BRASÍLIA: Supporters of embattled Brazilian President Dilma Rousseff were to hit the streets in ral-lies across the country Thursday aimed at pressuring Congress ahead of an impeachment vote.
Pro-government organizations and the leftist Workers’ Party called protests in 31 cities, with the main one in the capital Brasilia, headed by controversial former President Luiz Inacio Lula da Silva.
Lula, who founded the ruling Workers’ Party and remains a heavyweight figure on the left, called for supporters to hit the streets on his Facebook page.
On Wednesday, Rousseff branded the attempt to bring her down as based on trumped-up charges and amounting to “a coup.”
She has been left dangerously isolated after the main coalition partner for her Workers’ Party, the PMDB, announced Tuesday that it was pulling out and would support impeachment.
Rousseff is also dealing with the deepest recession in a generation and fallout from a huge corrup-tion scandal at state oil company Petrobras that has snared a cross-section of the country’s elite — including Lula.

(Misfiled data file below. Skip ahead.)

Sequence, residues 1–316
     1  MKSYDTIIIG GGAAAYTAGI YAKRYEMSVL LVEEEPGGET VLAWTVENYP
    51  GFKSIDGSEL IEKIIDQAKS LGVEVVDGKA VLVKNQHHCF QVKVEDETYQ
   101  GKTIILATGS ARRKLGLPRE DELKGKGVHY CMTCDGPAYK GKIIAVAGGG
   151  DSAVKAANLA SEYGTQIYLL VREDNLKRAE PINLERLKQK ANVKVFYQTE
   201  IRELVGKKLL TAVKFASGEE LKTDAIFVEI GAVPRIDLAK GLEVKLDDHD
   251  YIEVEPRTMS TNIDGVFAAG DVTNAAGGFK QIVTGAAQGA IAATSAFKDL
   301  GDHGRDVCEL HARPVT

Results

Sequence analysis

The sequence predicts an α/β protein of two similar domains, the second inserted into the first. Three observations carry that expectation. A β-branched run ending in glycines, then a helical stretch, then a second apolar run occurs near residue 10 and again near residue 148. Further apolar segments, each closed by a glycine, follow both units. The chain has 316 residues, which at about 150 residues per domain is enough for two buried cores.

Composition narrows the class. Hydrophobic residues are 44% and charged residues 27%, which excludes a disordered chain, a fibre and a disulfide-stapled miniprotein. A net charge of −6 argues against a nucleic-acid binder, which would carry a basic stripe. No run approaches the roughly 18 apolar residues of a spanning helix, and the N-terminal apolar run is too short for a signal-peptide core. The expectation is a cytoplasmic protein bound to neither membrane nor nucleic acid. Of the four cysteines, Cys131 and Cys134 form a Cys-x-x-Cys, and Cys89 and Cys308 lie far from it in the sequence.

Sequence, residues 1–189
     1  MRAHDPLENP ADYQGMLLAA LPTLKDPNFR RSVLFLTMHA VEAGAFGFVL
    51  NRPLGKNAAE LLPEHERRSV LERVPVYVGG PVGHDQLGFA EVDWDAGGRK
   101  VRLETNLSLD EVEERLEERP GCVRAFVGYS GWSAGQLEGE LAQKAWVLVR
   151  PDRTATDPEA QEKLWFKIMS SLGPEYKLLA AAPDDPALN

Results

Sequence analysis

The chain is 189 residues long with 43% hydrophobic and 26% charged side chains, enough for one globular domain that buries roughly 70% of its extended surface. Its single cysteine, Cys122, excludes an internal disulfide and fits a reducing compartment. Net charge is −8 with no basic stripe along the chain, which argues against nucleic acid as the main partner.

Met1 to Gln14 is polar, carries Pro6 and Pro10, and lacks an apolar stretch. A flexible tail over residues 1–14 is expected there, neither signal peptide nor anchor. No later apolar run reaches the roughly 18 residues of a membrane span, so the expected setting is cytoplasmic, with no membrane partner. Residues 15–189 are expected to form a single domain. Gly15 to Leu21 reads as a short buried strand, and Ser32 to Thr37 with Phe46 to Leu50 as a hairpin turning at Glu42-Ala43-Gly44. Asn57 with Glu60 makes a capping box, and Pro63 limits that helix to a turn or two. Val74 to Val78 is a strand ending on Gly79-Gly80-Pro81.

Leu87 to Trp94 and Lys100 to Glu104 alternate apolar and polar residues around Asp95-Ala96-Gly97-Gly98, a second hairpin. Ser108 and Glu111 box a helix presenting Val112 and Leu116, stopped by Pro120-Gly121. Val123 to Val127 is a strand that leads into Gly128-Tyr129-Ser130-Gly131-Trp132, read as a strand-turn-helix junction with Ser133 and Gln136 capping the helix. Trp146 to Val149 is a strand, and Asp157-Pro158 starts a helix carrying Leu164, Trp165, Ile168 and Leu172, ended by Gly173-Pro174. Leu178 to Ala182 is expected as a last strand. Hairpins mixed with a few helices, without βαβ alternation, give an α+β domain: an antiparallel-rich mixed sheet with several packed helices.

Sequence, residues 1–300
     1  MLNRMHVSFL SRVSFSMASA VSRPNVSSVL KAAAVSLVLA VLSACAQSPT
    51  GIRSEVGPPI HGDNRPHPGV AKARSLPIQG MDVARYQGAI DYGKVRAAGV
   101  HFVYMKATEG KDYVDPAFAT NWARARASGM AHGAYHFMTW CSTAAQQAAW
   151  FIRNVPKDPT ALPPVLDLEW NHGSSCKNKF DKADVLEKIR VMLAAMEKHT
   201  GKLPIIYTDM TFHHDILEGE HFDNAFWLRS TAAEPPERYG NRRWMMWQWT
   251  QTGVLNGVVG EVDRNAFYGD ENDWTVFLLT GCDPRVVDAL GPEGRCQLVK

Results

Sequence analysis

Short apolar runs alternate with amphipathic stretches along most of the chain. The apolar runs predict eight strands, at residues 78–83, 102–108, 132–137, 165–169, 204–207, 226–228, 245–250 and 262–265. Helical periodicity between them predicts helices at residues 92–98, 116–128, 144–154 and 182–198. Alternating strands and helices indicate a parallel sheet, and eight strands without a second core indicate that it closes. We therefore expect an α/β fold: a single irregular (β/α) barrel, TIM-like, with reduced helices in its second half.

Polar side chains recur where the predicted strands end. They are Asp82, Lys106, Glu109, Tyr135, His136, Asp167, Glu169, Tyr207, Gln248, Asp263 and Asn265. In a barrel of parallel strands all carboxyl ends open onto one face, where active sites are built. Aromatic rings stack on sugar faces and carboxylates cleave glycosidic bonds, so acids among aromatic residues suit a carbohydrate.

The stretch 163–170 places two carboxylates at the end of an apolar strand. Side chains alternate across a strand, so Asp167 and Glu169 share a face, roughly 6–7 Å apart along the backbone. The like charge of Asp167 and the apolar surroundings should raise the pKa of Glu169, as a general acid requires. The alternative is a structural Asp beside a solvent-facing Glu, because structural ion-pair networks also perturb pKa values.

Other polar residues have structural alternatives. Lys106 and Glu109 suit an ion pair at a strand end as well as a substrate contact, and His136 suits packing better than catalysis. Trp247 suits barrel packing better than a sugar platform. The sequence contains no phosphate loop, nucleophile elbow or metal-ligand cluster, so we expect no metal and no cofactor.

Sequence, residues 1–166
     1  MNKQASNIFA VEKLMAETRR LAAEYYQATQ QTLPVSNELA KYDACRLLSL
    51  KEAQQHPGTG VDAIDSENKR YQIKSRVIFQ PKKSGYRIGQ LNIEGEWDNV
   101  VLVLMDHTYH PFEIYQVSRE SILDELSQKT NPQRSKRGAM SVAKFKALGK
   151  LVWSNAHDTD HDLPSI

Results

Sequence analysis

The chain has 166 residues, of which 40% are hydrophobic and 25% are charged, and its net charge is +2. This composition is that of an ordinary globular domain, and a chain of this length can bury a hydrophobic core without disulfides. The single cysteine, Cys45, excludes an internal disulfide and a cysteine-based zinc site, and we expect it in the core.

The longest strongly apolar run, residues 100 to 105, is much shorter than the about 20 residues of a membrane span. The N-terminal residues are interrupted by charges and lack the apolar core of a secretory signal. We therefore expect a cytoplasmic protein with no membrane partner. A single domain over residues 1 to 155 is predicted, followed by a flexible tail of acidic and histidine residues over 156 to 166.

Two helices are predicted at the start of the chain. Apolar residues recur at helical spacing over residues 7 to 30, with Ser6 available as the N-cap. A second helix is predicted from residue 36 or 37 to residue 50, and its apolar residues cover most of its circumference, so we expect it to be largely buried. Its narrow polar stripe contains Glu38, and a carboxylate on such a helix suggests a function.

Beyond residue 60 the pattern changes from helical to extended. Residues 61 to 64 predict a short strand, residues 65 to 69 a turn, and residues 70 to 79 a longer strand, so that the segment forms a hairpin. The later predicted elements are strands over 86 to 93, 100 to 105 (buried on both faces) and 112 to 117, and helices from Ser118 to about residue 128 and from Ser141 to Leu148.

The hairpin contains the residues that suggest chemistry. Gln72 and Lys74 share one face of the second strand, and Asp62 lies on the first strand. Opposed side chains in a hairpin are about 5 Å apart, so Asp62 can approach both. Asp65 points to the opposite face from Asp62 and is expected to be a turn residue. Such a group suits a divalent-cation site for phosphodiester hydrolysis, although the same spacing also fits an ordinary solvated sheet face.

An Ibope poll showed approval for Rousseff’s government remains around record lows of 10 percent, while her personal approval rating was 14 percent.
UN Secretary General Ban Ki-moon expressed his concern, telling O Estado de Sao Paulo newspaper that “any political instability in Brazil is a reason for worry.”
Rousseff faces impeachment over allegedly illegal budgetary manipulations to cover the extent of Brazil’s recession during her re-election campaign in 2014.
The potentially lengthy process is under way in a preliminary commission and the lower house of Congress could vote as early as mid-April on whether to send the case to the Senate for full trial.
To impeach Rousseff, 342 out of 513 deputies, or two thirds, must vote in favor. If Rousseff managed to get more than 171 votes she would defeat the measure, but it could also fail through abstentions or deputies not attending.